I took my time putting it away in my bag, getting used to the absence of pain, gathering myself back together. Then I took a long sip of tea, before I started telling zir about being made of ice, surrounded by it, protected by it, in the dream-vision. How at first I felt safe in my ice silo, didn’t even notice the cold until light came and hurt my eyes, and then I was freezing, and able to see the chasm below. A chasm separating me from Noam. How I realized that I couldn’t move, or speak. That they were stuck in their ice silo and me in mine, and Noam was terrified and trapped, just like me. I was helpless to do anything about it. I kept trying, but I could not get to them. How I watched their ice silo shatter, and the dust that was Noam blow away on the wind, waking me into a terrified meltdown.
Ezra didn’t say a word, as ze scribbled down the last details. My heart was a tiny frantic bird beating against my chest, as I remembered. I felt so cold that I took out my tarot deck, put it on the table, and huddled in the scarf I usually wrapped it in, my hands the only thing that felt warm. Ze waited for me to stop trembling before ze spoke.
“What do you think it means?” Ezra asked quietly.
Xan West is the nom de plume of Corey Alexander, an autistic queer fat Jewish genderqueer writer and community activist with multiple disabilities who spends a lot of time on Twitter.
Xan’s erotica has been published widely, including in the Best S/M Erotica series, the Best Gay Erotica series, and the Best Lesbian Erotica series. Xan’s story “First Time Since”, won honorable mention for the 2008 National Leather Association John Preston Short Fiction Award. Their collection of queer kink erotica, Show Yourself to Me, is out from Go Deeper Press.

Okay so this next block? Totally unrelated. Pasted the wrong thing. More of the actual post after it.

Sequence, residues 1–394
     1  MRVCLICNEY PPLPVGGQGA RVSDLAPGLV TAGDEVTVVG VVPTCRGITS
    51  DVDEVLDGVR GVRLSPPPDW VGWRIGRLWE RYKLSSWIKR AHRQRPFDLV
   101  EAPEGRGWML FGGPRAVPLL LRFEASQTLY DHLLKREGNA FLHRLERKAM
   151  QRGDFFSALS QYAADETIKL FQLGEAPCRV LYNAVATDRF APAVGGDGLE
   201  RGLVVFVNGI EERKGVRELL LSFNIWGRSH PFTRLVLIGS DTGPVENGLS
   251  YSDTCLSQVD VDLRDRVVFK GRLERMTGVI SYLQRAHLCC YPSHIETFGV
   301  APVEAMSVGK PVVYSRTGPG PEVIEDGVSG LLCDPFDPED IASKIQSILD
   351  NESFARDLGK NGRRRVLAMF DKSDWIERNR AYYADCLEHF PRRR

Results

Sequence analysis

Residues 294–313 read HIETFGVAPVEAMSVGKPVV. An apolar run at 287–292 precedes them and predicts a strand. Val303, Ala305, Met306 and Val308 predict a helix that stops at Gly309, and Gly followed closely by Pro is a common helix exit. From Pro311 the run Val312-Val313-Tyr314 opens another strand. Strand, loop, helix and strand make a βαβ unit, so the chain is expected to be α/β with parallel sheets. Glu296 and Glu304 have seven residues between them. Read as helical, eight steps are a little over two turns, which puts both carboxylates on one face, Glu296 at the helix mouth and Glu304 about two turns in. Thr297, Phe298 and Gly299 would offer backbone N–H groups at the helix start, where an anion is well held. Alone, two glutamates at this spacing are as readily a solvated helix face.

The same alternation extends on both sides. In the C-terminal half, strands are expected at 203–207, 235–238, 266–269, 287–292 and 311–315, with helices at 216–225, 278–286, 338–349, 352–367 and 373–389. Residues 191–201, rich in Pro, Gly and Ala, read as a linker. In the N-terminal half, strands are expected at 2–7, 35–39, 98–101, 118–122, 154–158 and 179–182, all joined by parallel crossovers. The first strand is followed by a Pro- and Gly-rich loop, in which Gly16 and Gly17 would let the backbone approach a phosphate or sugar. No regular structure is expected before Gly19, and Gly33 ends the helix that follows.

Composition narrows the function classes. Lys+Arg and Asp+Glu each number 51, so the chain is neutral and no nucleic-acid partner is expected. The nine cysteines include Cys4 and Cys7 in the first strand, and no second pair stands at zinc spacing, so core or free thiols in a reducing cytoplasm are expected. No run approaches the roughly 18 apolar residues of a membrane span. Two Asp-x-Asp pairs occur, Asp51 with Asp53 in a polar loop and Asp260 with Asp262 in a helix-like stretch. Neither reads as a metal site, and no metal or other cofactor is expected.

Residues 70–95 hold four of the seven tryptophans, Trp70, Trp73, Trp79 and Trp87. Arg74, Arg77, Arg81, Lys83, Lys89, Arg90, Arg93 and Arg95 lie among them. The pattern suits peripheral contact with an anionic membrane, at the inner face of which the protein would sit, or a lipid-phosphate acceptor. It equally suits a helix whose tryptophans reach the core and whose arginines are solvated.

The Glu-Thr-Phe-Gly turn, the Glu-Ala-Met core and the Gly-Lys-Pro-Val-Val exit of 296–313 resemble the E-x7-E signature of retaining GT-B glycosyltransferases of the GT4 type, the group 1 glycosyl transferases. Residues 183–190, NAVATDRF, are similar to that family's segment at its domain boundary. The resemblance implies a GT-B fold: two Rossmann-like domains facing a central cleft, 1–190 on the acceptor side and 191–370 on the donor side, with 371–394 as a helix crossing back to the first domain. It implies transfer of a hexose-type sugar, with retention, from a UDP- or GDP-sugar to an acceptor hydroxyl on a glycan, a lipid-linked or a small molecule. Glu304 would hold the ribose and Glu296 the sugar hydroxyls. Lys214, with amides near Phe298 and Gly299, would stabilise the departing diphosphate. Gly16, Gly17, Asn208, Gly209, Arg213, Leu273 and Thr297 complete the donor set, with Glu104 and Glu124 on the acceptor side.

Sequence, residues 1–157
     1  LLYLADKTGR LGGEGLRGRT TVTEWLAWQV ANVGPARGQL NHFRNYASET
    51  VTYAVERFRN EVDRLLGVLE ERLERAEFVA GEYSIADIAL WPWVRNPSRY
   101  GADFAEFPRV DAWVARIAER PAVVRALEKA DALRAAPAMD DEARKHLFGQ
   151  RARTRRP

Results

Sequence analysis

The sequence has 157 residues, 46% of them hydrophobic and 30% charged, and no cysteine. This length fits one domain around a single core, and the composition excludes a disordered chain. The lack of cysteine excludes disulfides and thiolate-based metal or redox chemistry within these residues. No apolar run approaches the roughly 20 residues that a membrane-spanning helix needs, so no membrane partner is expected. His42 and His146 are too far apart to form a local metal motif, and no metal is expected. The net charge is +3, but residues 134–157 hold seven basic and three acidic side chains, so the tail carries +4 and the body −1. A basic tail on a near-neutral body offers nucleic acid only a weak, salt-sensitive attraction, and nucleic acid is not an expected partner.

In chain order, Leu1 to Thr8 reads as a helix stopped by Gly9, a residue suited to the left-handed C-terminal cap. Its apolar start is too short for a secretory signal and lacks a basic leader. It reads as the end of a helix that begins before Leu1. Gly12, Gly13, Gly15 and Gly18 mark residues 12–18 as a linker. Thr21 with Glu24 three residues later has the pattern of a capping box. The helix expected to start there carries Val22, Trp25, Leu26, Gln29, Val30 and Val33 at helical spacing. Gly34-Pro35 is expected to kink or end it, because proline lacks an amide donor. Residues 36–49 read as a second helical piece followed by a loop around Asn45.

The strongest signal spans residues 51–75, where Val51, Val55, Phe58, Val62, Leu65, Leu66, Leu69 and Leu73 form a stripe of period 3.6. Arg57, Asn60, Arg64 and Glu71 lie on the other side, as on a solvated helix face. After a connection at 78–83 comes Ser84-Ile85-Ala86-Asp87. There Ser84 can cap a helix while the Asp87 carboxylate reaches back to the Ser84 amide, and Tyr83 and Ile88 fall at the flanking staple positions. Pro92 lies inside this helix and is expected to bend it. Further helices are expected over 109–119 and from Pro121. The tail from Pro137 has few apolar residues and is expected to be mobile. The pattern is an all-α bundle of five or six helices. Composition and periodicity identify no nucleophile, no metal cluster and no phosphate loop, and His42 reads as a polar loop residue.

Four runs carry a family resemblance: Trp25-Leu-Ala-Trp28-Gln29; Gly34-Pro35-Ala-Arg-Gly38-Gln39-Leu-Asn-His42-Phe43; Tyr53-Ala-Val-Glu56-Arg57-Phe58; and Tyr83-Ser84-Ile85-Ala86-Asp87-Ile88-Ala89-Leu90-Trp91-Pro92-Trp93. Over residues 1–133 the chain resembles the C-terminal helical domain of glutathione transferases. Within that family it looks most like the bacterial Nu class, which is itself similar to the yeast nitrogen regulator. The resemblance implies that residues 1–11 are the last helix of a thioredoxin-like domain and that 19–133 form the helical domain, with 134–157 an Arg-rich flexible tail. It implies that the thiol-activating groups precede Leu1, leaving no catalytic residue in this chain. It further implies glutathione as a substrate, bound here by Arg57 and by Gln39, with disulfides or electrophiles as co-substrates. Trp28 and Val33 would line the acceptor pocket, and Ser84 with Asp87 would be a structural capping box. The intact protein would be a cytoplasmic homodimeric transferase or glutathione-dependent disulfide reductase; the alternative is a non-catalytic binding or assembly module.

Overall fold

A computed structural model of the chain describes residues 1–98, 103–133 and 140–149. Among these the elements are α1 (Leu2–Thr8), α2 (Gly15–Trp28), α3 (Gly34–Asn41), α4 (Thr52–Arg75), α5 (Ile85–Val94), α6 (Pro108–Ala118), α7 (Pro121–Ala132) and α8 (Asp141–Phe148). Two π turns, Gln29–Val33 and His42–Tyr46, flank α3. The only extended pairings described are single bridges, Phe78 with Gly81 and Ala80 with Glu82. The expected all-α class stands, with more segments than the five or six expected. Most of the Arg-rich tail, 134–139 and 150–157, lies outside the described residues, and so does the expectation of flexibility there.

After over 15 years of writing and publishing queer kink erotica short stories, Xan has begun to also write longer form queer kink romance. Their recent work still centers kinky, trans and non-binary, fat, disabled, queer trauma survivors. It leans more towards centering Jewish characters, ace and aro spec characters, autistic characters, and polyamorous networks. Xan has been working on a queer kinky polyamorous romance novel, Shocking Violet, for the last four years, and hopes to finish a draft very soon! You can find details and excerpts on their website, and sign up for their newsletter to get updates. Their Troublesome Crush, a polyamorous kinky queer m/f romance novella about metamours realizing they have a mutual crush on each other as they plan their shared partner’s birthday celebration, is due out in March 2019.
Happy Asexual Awareness Week! As I am out of the country this week, this will be the only post until I return; good thing it’s a weeklong celebrate with lots of books to fill the time! These books contain both asexual and demisexual main characters of varying romantic orientations, so hopefully there’s a little something for everyone, but if not, please check out Claudie Arseneault’s amazing Aro Ace Database to find the perfect match!
*Note: books that have been featured as New Release Spotlights on the site are listed separately.
It’s been three years since the Virgil County High School Massacre. Three years since my best friend, Sarah, was killed in a bathroom stall during the mass shooting. Everyone knows Sarah’s story—that she died proclaiming her faith.
But it’s not true.
I know because I was with her when she died. I didn’t say anything then, and people got hurt because of it. Now Sarah’s parents are publishing a book about her, so this might be my last chance to set the record straight . . . but I’m not the only survivor with a story to tell about what did—and didn’t—happen that day.